Gravity's Rainbow (Penguin Classics Deluxe Edition)
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Winner of the 1973 National Book Award, Gravity's Rainbow is a postmodern epic, a work as exhaustively significant to the second half of the twentieth century as Joyce's Ulysses was to the first. Its sprawling, encyclopedic narrative and penetrating analysis of the impact of technology on society make it an intellectual tour de force.
This Penguin Classics deluxe edition features a specially designed cover by Frank Miller along with french claps and deckle-edged paper.
For more than seventy years, Penguin has been the leading publisher of classic literature in the English-speaking world. With more than 1,700 titles, Penguin Classics represents a global bookshelf of the best works throughout history and across genres and disciplines. Readers trust the series to provide authoritative texts enhanced by introductions and notes by distinguished scholars and contemporary authors, as well as up-to-date translations by award-winning translators.
nobles in big white Frederick the Great hairdos, ladies with smooth faces and oval eyes in low-necked dresses whose yards of silk spill out into the dust and wingbeats of the dark rooms. There is dove shit all over the place. By contrast, Zwitter’s laboratory upstairs is brightly lit, well-ordered, crammed with blown glass, work tables, lights of many colors, speckled boxes, green folders—a mad Nazi scientist lab! Plas-ticman, where are you? There’s only Zwitter: stocky, dark hair parted
each beat, like a bandleader, “who, sent, the Dream?” It is never clear how rhetorical any of Jamf’s questions are. “Who sent this new serpent to our ruinous garden, already too fouled, too crowded to qualify as any locus of innocence—unless innocence be our age’s neutral, our silent passing into the machineries of indifference— something that Kekulé’s Serpent had come to—not to destroy, but to define to us the loss of. . . we had been given certain molecules, certain combinations and not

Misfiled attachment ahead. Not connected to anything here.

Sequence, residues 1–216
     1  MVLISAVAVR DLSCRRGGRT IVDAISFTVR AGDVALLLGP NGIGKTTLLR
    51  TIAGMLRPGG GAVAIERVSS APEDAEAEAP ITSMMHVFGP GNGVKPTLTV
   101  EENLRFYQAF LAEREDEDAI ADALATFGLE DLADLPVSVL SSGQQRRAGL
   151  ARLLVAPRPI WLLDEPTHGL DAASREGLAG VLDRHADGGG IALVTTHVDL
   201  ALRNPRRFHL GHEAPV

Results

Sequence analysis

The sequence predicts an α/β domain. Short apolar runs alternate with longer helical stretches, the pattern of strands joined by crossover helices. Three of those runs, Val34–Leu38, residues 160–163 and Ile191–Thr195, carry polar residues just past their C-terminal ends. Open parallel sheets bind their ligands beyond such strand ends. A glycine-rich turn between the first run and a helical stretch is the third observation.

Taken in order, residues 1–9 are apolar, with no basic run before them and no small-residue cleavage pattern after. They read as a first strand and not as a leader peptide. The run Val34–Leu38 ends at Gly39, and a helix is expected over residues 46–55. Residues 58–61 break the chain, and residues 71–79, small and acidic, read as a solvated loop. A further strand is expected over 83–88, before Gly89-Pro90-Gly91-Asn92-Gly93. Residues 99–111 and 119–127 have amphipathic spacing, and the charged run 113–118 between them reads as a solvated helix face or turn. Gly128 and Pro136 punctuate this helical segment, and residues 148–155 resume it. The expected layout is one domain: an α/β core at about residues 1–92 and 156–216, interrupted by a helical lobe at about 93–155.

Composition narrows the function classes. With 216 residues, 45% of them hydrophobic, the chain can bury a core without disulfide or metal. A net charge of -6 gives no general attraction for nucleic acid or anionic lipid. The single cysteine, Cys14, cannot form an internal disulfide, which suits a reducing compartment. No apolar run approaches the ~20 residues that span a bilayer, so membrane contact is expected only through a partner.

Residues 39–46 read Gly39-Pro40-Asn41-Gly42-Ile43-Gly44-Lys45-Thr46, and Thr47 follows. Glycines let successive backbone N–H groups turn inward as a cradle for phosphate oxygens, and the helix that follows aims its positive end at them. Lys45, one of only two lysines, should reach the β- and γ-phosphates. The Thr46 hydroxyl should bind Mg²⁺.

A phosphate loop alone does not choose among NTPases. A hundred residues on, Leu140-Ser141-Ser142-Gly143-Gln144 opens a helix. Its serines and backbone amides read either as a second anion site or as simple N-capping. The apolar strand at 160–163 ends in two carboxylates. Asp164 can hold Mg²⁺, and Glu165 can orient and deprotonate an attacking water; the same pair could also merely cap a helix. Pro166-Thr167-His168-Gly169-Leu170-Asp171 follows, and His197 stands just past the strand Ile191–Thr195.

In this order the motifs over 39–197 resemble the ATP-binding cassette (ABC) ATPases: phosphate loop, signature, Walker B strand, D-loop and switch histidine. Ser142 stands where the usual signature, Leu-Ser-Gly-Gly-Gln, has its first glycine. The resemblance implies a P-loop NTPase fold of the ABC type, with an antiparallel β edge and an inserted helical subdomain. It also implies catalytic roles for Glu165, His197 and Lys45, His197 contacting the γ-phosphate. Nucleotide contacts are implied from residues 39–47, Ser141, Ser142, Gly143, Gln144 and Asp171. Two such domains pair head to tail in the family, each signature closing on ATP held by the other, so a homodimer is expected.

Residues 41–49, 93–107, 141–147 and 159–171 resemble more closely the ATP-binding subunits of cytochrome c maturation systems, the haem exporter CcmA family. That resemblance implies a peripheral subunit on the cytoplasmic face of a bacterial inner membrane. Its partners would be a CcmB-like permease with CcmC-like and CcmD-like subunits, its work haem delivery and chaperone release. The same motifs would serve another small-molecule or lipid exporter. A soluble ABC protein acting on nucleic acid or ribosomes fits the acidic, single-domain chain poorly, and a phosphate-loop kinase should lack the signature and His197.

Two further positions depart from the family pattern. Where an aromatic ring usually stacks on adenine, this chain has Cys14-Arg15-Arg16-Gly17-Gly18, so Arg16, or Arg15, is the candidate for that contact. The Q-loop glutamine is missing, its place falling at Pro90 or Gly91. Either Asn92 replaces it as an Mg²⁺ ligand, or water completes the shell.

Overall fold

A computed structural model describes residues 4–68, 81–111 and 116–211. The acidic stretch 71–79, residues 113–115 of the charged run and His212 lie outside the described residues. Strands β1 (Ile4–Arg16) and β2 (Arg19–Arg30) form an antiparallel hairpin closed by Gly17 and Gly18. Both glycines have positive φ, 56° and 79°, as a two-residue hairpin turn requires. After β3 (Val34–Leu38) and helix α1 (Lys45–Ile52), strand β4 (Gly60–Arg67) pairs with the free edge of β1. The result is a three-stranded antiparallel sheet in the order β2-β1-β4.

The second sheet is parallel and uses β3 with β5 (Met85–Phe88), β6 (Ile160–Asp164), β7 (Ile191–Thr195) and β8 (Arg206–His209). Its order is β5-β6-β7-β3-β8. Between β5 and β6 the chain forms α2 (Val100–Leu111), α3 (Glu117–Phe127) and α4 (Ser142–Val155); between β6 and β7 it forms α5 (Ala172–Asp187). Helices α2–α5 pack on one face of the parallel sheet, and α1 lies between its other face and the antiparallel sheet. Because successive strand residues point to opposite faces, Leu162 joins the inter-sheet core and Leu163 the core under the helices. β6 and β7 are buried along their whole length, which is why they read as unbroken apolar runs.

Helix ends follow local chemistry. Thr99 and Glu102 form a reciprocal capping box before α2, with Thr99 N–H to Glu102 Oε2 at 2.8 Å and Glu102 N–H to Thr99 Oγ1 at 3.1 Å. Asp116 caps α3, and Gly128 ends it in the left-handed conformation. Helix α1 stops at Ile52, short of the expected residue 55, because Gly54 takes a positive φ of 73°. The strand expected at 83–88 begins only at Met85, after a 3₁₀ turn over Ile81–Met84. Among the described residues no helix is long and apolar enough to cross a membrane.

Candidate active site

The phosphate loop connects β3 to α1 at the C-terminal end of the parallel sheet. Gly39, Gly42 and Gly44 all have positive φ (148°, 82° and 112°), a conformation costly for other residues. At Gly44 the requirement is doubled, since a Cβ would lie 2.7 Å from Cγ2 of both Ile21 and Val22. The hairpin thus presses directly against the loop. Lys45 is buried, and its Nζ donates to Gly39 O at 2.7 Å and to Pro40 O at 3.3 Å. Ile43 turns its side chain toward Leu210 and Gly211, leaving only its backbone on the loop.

narrower your sense of Now, the more tenuous you are. It may get to where you’re having trouble remembering what you were doing five minutes ago, or even—as Slothrop now—what you’re doing here, at the base of this colossal curved embankment. . . . “Uh,” he turns slackmouth to Närrisch, “what are we . . .” “What are we what?” “What?” “You said, ‘What are we . . . ,’ then you stopped.” “Oh. Gee, that was a funny thing to say.” As for Närrisch, he’s too locked in to business. He has never
faceting or screening, good-natured coffee-urn grousing, well golly, here goes another day, howdy Marie, where you ladies hiding the drawings on the SG-1 . . . what do you mean Field Service has them . . . again? doesn’t Engineering Design have any rights, it’s like watching your child run away, to see a piece of equipment get set out to the Field (Der Veld). That it is. A broken heart, a mother’s prayer. . . . Slowly, the voices of the Lübeck Hitler Youth Glee Club fade in behind (nowadays
sense a peculiar structure that no one admitted to—that extended far beyond Turl Street, past Cornmarket into covenants, procuring, accounts due . . . one never knew who it would be, or when, or how they’d try to collect it. . . but I thought it only idle, only at the fringes of what I was really up there for, you know. . . .” “Sure. In that America, it’s the first thing they tell you. Harvard’s there for other reasons. The ‘educating’ part of it is just sort of a front.” “We’re so very